• Werner Hernández, November 17, 2008 at 7:44pm

Álvaro, al oir a los hablantes sobre los años 80's noté que "guerra" no tiene una palabra y la describen en la acción "Cuando pelean". Así, el uso es "Kwak musumat".

  • November 16, 2010 at 4:43pm ~ Jose Velasquez

VALE! Quiero hablar sobre palabras de guerra!
""Steal" is -ichteki (with an indefinite object, techteki [i.e. ta- + -ichteki]). "Kill" is -miktia (and tamiktia)"
I REALLY wanna know a LOT of WAR related words :D Including Sacrfice (Sacrifice was abolished in Cuzcatlan but I think there should still be a word). Words like rape, murder, torture, cut, bleed, die, pillage, save, shoot, attack, honor, etc! :D I hope in future lessons will discuss talk about these bad things as well as curse words like f, s*, b*, c*, a**, etc! :D

January 25 at 6:59pm ~ Alan R King
Die: miki
save: -palewia
bleed: eskisa
wound: -tzunteki or -shuta
decapitate: -kechkutuna…
shoot: -muta

We can probably find some other terms for ways of killing or wounding, using Nawat's compounding resources, I just haven't got the time to make a thorough study right now. For "murder" use the word for "kill". I doubt you'll find specific terms equivalent to "rape", "torture", "pillage" or "honor", they're a bit more (western) culture-specific than you imagine.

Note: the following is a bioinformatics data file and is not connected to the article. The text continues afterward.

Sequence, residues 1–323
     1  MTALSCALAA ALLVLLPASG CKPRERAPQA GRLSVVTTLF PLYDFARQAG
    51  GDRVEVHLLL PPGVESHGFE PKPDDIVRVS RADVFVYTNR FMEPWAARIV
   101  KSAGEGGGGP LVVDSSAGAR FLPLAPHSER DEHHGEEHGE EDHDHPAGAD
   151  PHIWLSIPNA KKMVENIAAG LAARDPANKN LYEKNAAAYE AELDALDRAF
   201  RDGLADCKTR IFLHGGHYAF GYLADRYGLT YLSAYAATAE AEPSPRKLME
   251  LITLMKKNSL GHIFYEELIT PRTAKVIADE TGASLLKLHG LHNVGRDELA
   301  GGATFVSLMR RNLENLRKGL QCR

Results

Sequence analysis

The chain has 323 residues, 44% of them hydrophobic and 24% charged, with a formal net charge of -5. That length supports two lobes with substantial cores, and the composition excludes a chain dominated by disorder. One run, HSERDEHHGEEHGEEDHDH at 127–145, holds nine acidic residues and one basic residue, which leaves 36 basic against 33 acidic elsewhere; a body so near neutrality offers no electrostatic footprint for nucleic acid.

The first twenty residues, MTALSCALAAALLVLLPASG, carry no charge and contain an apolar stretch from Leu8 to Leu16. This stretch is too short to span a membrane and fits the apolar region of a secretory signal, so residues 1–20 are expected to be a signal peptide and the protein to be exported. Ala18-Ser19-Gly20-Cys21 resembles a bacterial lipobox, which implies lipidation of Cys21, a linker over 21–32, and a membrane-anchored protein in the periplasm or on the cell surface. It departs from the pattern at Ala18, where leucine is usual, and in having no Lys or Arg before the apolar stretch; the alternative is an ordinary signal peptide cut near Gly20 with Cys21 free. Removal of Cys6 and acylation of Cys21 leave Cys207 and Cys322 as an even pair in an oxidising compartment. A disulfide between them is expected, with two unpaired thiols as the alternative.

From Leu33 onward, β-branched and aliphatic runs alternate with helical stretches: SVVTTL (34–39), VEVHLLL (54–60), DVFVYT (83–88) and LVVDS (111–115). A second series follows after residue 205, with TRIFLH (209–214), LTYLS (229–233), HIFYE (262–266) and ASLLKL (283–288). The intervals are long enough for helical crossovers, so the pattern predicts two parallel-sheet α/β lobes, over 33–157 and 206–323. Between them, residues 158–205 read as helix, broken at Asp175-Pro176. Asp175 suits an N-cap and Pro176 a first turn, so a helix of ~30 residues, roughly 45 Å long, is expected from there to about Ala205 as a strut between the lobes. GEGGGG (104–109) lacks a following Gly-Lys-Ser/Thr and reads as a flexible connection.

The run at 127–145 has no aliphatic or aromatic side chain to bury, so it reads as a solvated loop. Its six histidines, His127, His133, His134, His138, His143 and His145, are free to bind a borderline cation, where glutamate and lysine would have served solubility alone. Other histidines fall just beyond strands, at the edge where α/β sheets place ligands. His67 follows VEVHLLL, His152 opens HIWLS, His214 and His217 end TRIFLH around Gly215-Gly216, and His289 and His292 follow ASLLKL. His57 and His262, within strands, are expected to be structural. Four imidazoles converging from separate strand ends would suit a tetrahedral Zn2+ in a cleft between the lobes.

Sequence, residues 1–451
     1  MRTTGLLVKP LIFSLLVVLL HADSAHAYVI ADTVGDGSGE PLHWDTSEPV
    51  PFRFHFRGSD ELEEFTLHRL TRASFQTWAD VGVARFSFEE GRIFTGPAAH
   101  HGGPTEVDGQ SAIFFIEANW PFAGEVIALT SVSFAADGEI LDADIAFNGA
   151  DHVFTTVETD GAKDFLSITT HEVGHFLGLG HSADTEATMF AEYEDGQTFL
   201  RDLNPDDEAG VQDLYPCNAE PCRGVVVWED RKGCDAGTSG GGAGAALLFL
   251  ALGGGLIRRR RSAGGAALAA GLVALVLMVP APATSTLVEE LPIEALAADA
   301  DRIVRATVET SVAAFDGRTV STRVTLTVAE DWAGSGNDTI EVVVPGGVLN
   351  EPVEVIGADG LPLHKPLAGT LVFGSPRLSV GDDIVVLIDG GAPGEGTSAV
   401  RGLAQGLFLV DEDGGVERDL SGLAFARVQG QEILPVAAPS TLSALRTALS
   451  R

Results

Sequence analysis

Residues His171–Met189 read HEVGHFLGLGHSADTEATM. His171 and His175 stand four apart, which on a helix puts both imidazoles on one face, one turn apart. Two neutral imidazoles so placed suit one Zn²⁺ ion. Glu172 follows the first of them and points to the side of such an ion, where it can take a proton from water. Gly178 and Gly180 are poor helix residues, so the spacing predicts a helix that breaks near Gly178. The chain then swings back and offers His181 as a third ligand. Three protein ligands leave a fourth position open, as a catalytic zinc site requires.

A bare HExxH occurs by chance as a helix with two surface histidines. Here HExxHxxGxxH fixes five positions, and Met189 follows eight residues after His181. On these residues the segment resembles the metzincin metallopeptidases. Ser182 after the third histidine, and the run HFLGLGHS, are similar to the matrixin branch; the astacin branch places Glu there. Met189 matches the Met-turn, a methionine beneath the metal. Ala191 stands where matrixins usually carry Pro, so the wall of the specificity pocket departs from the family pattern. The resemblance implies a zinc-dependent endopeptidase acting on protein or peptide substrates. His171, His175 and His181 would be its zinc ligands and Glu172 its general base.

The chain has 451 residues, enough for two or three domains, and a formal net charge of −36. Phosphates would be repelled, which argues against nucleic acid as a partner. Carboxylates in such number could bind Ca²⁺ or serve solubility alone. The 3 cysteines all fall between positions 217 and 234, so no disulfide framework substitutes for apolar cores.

However, you're wrong to assume so confidently that Nawat will conserve a specialized war vocabulary. I don't doubt that it had it at one time, but too long has passed since then, and things get forgotten. How much do you know about the world your great-grandparents lived in, and the terminology associated with the technology or material culture of their time? Maybe nothing - and that was only one century ago, not five! And consider the Angles and the Saxons, the first speakers of the English language. They were also colonized and subjugated - by the Normans. The official language was French after that and only the peasants carried on speaking English; there was no longer an English-speaking nobility or ruling class, and French or Latin were the languages of administration, government, church, schools, writing and all "higher" pursuits. After several centuries things changed and once again English became the language of these things - and has continued to this day. But nobody remembered the old words for those complex things any more. They actually had to borrow the French words - which is why English today has so much French in it. So don't be so surprised that the Pipils don't remember the old words for "pillage" or "honor" - IF they ever had them.

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